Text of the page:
• Clear definition of the constitution of a value chain
        The definition could differ from one entity to another. The proposed standards endeavour to bring about          greater transparency and comparability. Clarity around value chain constituents and an explicit inclusion          of transport related emissions, for example air, water and labour management, will work towards having          truly responsible value chains.The new standard aims to redefine long-term value through the inclusion            of ‘significant’ sustainability-related risks and opportunities. Guidance on incorporating what could be              considered less significant (tier 2 or long-term) opportunities and risks is just as important.
        These could be in the form of relevant long-term impact factors on enterprise value. For example, a                  reduction in Scope 3 emissions from an anticipated long-term move to lower emission fuels in maritime,          or slower than anticipated adoption of low-carbon fuels, can impact strategic sourcing plans andchange          supply chain ESG risk assessment.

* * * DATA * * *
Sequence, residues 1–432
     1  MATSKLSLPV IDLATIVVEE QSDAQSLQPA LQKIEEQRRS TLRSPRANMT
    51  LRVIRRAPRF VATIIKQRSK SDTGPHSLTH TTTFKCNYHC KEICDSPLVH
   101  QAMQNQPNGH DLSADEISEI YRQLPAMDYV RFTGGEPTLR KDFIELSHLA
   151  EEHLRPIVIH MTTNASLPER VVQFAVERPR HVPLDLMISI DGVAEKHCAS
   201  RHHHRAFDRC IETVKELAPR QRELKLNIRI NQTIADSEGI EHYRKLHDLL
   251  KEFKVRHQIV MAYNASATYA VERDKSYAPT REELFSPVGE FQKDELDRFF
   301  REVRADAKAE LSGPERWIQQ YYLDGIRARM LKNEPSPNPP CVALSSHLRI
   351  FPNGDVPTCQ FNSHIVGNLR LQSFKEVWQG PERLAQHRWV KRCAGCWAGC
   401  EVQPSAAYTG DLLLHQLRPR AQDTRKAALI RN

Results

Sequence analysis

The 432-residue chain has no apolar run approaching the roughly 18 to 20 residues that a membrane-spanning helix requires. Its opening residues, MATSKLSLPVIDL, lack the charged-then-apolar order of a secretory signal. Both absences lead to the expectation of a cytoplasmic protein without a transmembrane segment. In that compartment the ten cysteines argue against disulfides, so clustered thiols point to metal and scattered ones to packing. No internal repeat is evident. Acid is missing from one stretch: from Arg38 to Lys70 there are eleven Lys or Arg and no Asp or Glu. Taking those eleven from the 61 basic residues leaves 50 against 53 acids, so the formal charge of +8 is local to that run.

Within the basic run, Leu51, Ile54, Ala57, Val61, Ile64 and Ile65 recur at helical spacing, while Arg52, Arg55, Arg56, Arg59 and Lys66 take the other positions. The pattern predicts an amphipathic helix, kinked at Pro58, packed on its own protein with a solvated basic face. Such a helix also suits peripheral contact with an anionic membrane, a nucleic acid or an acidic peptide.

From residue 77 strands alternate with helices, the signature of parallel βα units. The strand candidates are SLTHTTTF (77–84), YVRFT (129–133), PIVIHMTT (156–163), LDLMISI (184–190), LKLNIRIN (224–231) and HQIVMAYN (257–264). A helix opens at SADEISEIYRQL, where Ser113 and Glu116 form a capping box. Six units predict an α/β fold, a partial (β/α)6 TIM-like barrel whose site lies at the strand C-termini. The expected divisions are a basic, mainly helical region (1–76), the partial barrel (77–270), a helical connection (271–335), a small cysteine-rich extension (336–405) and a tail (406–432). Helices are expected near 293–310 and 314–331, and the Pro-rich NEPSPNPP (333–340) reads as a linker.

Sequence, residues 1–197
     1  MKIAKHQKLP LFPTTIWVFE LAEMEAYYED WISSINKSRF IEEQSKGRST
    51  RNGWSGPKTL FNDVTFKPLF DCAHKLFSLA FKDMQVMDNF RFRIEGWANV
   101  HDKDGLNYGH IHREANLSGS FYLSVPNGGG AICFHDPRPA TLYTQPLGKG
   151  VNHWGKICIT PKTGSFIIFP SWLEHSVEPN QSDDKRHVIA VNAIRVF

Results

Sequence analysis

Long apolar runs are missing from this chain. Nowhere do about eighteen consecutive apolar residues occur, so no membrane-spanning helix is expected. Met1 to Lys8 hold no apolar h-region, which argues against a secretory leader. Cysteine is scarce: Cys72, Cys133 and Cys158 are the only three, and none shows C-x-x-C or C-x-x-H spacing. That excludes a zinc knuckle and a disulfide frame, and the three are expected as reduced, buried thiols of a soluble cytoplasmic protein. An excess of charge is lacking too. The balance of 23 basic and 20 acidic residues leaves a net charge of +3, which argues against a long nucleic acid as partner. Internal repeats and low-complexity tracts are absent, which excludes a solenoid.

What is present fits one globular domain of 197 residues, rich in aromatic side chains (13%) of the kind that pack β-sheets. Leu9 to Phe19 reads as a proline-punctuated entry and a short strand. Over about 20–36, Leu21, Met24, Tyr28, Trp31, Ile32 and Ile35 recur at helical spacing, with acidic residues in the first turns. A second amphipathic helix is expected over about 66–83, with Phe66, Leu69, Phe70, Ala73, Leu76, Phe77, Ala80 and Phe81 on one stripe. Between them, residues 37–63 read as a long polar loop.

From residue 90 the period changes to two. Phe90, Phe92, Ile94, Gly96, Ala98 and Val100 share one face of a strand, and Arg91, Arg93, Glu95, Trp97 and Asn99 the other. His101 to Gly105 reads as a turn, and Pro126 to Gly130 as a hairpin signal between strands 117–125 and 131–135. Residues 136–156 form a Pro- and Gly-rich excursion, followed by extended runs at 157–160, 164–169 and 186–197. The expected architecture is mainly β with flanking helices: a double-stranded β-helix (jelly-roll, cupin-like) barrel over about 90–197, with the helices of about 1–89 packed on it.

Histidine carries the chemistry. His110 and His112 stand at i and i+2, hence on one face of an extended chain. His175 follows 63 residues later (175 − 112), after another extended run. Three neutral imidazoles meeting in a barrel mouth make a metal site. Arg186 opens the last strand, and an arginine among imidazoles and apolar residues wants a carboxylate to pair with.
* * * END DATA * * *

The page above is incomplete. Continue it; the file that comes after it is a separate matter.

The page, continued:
• Reasonable transition period needed for migration to this type of reporting
         Analysts looking to incorporate sustainability in their assessment of an organisation’s enterprise value             will benefit greatly from having sustainability-related financial disclosures released concurrently with               financial statements. Considering the challenges with data availability and data gathering in the                         sustainability sphere, we would expect a reasonable transition period, as has been the case with                       previous migrations in international financial reporting.
  • Collaboration and data sharing across the industry will be essential for success
        Collaboration and co-operation across industry participants – corporates, digital enablers, financial                  systems and other end-users – will enhance the adoption and implementation of the new standards.

We’re looking forward to the big reveal

Overall, the proposed standards are a much-needed step towards recognising the important connection between traditional financial disclosures and sustainability-related financial disclosures.

We hope that RightShip’s digital maritime platform will offer timely insights into emissions data for voyages, vessel safety, and crew welfare as well as measuring emissions at ports, all across the world.

With the ISSB expected to redeliberate the Exposure Drafts in the second half of 2022 based on feedback from stakeholders over the coming months, we’re excited to see the final IFRS Sustainability Disclosure Standards and look forward to enabling a safe, sustainable maritime environment that causes zero harm.